Revamped Solar Initiative in New Jersey
New Jersey has been a good market for solar developers, but recent legislative changes have created more opportunities, especially for developers of utility-scale projects.
New Jersey is the fifth smallest US state by area, but it has more solar installations than any other state except for California. The primary reason is a solar renewable portfolio standard that the state has had in place since 2004. It requires electric utilities in New Jersey to turn in renewable energy credits each year for generating electricity from solar facilities the utilities own, or by purchasing such credits from independent solar generators, representing 306 gigawatt hours of power production between June 2010 and May 2011. This amount is scheduled to increase to 5,316 gigawatt hours by 2026. The program has created a solar-only renewable energy credit market.
Table 1 shows the amount of solar RECs — called SRECs — that New Jersey utilities are required to have each year over time. The
Table 1: SREC Requirements and SACP Price by Energy Year
SREC Requirement (gWh)
% Increase in SREC Requirement
* Actual result reported by the New Jersey Office of Clean Energy.
** Estimate provided by the New Jersey Office of Clean Energy based on energy year 2009 consumption; actual amount will be 0.2210% of electricity sales.
† SACP prices for energy years 2017–2026 not yet published.
credits are measured in megawatt hours. Any utility that fails to turn in the required number of credits must make solar alternative compliance payments — called SACPs — to the state in the amount of that year’s predetermined SACP price (currently at $675) per megawatt hour of shortfall. This places a cap on how much a utility will be willing to pay for credits in the open market.
Recent legislative changes have increased predictability of pricing and reduced the regulatory risk for new entrants into the market.
The New Jersey renewable portfolio standard, or RPS, promotes a wide variety of alternative energy technologies, including wind, biomass, landfill gas and hydroelectric generation. These sources are split into class I and class II, with the more technologically-advanced generation methods in class I. Since 2004, solar has been separated from both classes and given its own mandated level of use within the overall New Jersey RPS. The financial effect of this approach becomes clear when observing the price of credits. From June 2008 to September 2009, class I credits sold at an estimated average of $12 per megawatt hour and class II credits sold at an estimated average of $1 per megawatt hour. During the same period, SRECs sold at a weighted-average price of $544.85 per megawatt hour.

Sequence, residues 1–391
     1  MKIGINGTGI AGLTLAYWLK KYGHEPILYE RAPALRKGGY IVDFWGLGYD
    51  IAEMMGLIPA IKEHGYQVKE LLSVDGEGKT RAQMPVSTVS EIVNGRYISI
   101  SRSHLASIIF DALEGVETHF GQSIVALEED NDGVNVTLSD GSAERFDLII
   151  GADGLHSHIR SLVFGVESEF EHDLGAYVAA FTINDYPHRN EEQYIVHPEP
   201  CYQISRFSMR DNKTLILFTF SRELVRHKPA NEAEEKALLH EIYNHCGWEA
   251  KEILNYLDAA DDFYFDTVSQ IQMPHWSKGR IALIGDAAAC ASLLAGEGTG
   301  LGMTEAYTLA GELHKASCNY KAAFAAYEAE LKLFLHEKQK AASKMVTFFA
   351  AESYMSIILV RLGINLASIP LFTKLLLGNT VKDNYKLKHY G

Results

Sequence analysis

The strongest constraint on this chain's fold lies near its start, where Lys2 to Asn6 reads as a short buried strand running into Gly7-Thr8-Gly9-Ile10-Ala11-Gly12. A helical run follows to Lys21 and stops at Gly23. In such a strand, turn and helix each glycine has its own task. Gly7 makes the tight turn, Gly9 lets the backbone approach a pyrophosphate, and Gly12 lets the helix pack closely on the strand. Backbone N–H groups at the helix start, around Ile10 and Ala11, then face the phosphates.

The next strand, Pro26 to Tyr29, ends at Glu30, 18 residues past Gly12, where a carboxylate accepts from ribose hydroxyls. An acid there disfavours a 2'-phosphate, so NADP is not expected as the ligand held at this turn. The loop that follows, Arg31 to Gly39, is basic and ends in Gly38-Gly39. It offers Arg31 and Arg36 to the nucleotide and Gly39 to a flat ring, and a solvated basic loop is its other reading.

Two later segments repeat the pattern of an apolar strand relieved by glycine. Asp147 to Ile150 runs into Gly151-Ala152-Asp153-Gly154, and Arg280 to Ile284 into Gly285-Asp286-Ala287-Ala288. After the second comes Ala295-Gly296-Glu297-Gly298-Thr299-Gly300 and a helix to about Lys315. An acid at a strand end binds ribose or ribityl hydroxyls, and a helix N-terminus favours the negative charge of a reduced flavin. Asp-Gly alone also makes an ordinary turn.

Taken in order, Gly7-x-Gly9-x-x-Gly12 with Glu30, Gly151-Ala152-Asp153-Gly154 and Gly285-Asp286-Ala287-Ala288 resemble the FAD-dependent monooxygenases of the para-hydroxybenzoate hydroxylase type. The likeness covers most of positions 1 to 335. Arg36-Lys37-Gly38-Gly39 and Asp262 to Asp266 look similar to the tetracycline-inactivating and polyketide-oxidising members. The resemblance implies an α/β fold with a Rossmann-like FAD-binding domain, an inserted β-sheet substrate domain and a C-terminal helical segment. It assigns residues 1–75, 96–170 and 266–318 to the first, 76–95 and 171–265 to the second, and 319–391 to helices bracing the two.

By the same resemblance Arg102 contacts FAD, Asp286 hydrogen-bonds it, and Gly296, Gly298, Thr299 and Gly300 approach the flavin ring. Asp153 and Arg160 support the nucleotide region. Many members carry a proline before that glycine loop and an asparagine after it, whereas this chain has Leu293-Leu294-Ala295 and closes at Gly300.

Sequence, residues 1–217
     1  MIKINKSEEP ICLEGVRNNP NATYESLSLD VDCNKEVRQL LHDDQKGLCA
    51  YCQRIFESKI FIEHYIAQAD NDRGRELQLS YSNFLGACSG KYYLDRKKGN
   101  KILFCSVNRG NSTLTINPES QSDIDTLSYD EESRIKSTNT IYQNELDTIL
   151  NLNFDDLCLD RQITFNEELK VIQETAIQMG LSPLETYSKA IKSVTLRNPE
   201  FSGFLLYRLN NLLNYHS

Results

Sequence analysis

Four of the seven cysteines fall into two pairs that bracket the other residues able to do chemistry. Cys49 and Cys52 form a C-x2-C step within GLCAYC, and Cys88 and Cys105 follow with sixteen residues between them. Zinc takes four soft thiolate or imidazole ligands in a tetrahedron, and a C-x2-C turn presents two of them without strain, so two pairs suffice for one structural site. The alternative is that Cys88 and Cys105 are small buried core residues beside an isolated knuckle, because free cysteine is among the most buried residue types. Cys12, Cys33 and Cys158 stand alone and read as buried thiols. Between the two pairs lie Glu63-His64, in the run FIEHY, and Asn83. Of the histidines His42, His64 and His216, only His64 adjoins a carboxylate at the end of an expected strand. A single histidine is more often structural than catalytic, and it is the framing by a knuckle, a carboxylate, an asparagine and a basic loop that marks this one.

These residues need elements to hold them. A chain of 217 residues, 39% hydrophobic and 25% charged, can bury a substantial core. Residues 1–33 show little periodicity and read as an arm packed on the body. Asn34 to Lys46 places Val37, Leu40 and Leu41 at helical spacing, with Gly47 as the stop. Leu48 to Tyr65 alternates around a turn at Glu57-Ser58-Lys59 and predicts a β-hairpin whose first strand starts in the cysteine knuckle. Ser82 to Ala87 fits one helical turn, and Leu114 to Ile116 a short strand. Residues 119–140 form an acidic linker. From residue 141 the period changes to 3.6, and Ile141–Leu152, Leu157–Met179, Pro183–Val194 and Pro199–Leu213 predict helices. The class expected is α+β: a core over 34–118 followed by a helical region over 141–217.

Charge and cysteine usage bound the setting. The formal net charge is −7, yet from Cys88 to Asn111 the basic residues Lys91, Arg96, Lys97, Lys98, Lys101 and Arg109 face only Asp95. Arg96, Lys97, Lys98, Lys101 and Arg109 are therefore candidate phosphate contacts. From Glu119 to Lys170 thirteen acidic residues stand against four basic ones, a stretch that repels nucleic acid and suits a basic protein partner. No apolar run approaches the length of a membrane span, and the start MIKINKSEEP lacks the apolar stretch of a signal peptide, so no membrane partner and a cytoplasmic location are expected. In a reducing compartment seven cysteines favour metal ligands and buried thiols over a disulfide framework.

From 2004 to 2010, the solar set aside in the state RPS was expressed as a percentage of the overall RPS. However, the state converted the solar goal from a percentage of the RPS to an absolute megawatt hour target in January 2010. At the end of each energy year, June 1 to May 31, utilities are required to hold solar renewable energy credits based on their pro rata shares of all electricity supplied at retail in the state.
Prices for SACPs for utilities that fall short of their SREC holdings requirements are higher than for shortfalls in other RECs for which alternate compliance payments are made at a rate of $50 per credit. The market price for these alternate compliance payments is well above the current market price for credits at $12 and $1 for class I and class II RECs, respectively. The low prices for normal RECs is due to the ability to buy credits from generators in neighboring states and the wider variety of technologies available for generating these types of credits.
Solar projects earn one SREC for each megawatt hour produced. SRECs are tracked on an electronic platform allowing real-time monitoring as well as trading of SRECs. SRECs are labeled with the vintage of the year in which they are produced, and may be sold in the current or next two energy years.
Projects generate SRECs for 15 years, after which point the projects produce less valuable class I credits.
Recent Legal and Regulatory Changes
New Jersey has made other recent changes to its program besides setting a fixed target for solar output in megawatt hours.
The solar output targets start at 306 gigawatt hours in 2011 and increase to 5,316 gigawatt hours in 2026.
The Public Utilities Commission has been directed to set solar alternative compliance payments for 15 years into the future rather than the current eight. Because SACPs must be purchased in the event of a shortage of SRECs, these projections of SACP prices provide support to future SREC prices. Table 1 shows the current SACP prices.
The state moved recently to allow SRECs to be traded for up to three years. Giving each credit a longer life makes it more likely that an independent generator will be able to get value for them. Buyers are more likely to commit to purchase them.
Historically, New Jersey delegated great power to regulators, who could change previously published SACP prices. This caused price uncertainty that impaired the financeability of solar projects.
The state now prohibits the Board of Public Utilities from reducing previously published SACP prices. Therefore, the price ceiling will not drop unexpectedly. Once published, project developers and their financing counterparties can only expect these amounts to change as a result of action by the New Jersey legislature — still a risk, but a diminished one.
The Board of Public Utilities is also barred legally from modifying certain solar-project related contracts entered into by electric utilities after the contracts have been approved. SREC purchase contracts with terms of 10 to 15 years have been successfully financed. However, current regulations cap project output levels at 500 kilowatts — well below the output of utility-scale projects.
The net metering cap of two megawatts has been eliminated, allowing projects of all sizes to benefit from net metering.
To avoid a long-term oversupply situation, there will be an automatic 20% increase in the solar RPS target if the number of SRECs generated meets or exceeds the requirement for three consecutive reporting years starting with energy year 2013 and the average SREC price for all SRECs purchased by utilities decreases in the same three consecutive reporting years.